Government is currently sitting on 4 400 vacant posts that remain unfilled in the civil service. This is notwithstanding the high unemployment rate in Botswana which has been exacerbated by the recent outbreak of the deadly COVID-19 pandemic.
Just before the burst of COVID-19, official data released by Statistics Botswana in January 2020, indicate that unemployment in Botswana has increased from 17.6 percent three years ago to 20.7 percent. “Unemployment rate went up by 3.1 percentage between the two periods, from 17.6 to 20.7 percent,” statistics point out.
Leading commercial bank, First National Bank Botswana (FNBB), expects the central bank to sharpen its monetary policy knife and cut the Bank Rate twice in the last quarter of 2020.
The bank expects a 25 basis point (bps) in the beginning of the last quarter, which is next month, and another shed by the same bps in December, making a total of 50 bps cut in the last quarter. According to the bank’s researchers, the central bank is now holding on to 4.25 percent for the time being pending for more informed data on the economic climate.
An audit of the accounts and records for the supply of food rations to the institutions in the Northern Region for the financial year-ended 31 March 2019 was carried out. According to Auditor General’s report and observations, there are weaknesses and shortcomings that were somehow addressed to the Accounting Officer for comments.
Auditor General, Pulane Letebele indicated on the report that, across all depots in the region that there had been instances where food items were short for periods ranging from 1 to 7 months in the institutions for a variety of reasons, including absence of regular contracts and supplier failures. The success of this programme is dependent on regular and reliable availability of the supplies to achieve its objective, the report said.
There would be instances where food items were returned from the feeding centers to the depots for reasons of spoilage or any other cause. In these cases, instances had been noted where these returns were not supported by any documentation, which could lead to these items being lost without trace.
The report further stressed that large quantities of various food items valued at over P772 thousand from different depots were damaged by rodents, and written off.Included in the write off were 13 538 (340ml) cartons of milk valued at P75 745. In this connection, the Auditor General says it is important that the warehouses be maintained to a standard where they would not be infested by rodents and other pests.
Still in the Northern region, the report noted that there is an outstanding matter relating to the supply of stewed steak (283×3.1kg cans) to the Maun depot which was allegedly defective. The steak had been supplied by Botswana Meat Commission to the depot in November 2016.
In March 2017 part of the consignment was reported to the supplier as defective, and was to be replaced. Even as there was no agreement reached between the parties regarding replacement, in 51 October 2018 the items in question were disposed of by destruction. This disposal represented a loss as the whole consignment had been paid for, according to the report.
“In my view, the loss resulted directly from failure by the depot managers to deal with the matter immediately upon receipt of the consignment and detection of the defects. Audit inspections during visits to Selibe Phikwe, Maun, Shakawe, Ghanzi and Francistown depots had raised a number of observations on points of detail related to the maintenance of records, reconciliations of stocks and related matters, which I drew to the attention of the Accounting Officer for comments,” Letebele said in her report.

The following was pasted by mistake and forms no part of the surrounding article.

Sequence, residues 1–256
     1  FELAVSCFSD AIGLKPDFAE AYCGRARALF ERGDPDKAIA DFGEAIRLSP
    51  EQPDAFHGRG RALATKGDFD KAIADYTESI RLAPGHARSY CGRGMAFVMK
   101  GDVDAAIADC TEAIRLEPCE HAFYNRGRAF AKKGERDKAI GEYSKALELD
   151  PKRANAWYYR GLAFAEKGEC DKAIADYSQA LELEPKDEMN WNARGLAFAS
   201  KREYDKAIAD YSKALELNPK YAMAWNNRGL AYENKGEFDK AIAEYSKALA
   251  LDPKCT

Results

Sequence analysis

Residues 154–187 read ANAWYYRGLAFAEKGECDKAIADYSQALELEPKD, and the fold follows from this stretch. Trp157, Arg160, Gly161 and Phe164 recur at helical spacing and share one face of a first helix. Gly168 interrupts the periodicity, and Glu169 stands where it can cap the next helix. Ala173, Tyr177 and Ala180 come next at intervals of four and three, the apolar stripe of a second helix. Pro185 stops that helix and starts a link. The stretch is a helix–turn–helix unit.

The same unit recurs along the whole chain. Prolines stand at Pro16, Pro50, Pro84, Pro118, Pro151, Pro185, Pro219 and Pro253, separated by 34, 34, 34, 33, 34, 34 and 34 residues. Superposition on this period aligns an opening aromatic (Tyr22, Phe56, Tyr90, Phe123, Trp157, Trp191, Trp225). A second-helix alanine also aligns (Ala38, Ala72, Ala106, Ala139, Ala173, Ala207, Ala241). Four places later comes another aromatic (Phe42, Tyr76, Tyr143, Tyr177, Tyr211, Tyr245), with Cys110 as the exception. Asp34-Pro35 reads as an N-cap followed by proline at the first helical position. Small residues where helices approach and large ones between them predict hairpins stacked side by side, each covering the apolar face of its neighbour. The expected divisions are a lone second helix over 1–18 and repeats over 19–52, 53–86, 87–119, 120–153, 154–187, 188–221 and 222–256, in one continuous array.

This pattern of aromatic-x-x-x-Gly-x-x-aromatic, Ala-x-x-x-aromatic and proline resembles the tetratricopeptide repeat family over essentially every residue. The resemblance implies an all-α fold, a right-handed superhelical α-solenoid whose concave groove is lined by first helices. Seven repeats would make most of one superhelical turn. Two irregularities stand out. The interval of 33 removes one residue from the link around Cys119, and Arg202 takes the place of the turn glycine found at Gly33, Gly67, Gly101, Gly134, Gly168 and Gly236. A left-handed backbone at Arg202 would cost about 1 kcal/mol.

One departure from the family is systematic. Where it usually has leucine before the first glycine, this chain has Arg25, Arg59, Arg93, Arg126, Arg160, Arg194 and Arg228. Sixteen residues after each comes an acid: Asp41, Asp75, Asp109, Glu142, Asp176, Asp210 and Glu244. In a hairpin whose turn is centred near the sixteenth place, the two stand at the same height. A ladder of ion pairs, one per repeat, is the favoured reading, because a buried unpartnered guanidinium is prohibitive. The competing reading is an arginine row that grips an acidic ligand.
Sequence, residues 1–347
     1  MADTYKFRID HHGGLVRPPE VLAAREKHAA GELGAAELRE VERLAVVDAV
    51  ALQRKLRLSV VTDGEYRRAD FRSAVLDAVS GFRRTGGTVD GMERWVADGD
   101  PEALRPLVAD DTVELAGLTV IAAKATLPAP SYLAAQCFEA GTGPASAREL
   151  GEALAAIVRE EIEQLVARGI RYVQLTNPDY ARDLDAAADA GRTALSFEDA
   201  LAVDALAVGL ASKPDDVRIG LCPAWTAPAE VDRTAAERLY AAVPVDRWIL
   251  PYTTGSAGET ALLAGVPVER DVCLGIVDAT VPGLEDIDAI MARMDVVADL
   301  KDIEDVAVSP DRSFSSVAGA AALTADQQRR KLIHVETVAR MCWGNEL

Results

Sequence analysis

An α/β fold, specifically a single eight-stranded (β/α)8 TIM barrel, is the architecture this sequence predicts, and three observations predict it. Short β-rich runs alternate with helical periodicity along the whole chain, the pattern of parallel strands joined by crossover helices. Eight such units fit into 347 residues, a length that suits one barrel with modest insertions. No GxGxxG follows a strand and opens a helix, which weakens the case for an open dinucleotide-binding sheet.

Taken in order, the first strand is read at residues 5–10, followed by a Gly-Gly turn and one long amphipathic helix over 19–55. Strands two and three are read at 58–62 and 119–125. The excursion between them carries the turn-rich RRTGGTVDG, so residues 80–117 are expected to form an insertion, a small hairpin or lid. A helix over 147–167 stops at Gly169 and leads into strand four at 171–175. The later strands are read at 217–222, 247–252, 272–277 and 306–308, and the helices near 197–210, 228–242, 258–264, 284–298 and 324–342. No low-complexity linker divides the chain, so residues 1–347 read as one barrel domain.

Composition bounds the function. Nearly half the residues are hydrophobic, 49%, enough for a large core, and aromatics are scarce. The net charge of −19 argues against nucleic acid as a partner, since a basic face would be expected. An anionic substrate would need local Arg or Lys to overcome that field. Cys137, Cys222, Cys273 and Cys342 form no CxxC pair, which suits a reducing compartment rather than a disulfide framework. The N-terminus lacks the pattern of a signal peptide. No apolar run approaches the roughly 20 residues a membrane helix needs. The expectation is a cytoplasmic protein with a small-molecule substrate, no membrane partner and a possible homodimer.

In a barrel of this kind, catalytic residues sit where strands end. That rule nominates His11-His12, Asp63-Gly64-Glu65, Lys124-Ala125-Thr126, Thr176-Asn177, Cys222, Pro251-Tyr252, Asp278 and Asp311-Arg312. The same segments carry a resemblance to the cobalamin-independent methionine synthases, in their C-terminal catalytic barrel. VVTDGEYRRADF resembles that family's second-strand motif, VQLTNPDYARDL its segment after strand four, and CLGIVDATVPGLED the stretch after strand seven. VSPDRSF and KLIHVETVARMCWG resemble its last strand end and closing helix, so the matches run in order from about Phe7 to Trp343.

In the Southern region, a scrutiny of the records for the control of stocks of food items in the Southern Region had indicated intermittent shortages of the various items, principally Tsabana, Malutu, Sunflower Oil and Milk which was mainly due to absence of subsisting contracts for the supply of these items.
“The contract for the supply of Tsabana to all depots expired in September 2018 and was not replaced by a substantive contract. The supplier contracts for these stocks should be so managed that the expiry of one contract is immediately followed by the commencement of the next.”
Suppliers who had been contracted to supply foodstuffs had failed to do so and no timely action had been taken to redress the situation to ensure continuity of supply of the food items, the report noted.
In one case, the report highlighted that the supplier was to manufacture and supply 1 136 metric tonnes of Malutu for a 4-months period from March 2019 to June 2019, but had been unable to honour the obligation. The situation was relieved by inter-depot transfers, at additional cost in transportation and subsistence expenses.
In another case, the contract was for the supply of Sunflower Oil to Mabutsane, where the supplier had also failed to deliver. Examination of the Molepolole depot Food Issues Register had indicated a number of instances where food items consigned to the various feeding centres had been returned for a variety of reasons, including food item available; no storage space; and in other cases the whole consignments were returned, and reasons not stated.
This is an indication of lack of proper management and monitoring of the affairs of the depot, which could result in losses from frequent movements of the food items concerned.The maintenance of accounting records in the region, typically in Letlhakeng, Tsabong, and Mabutsane was less than satisfactory, according to Auditor General’s report.
In these depots a number of instances had been noted where receipts and issues had not been recorded over long periods, resulting in incorrect balances reflected in the accounting records. This is a serious weakness which could lead to or result in losses without trace or detection, and is a contravention of Supplies Regulations and Procedures, Letebele said.
Similarly, consignments of a total of 892 bags of Malutu and 3 bags of beans from Tsabong depot to different feeding centres had not been received in those centres, and are considered lost. These are also not reflected in the Statement of Losses in the Annual Statements of Accounts for the same periods.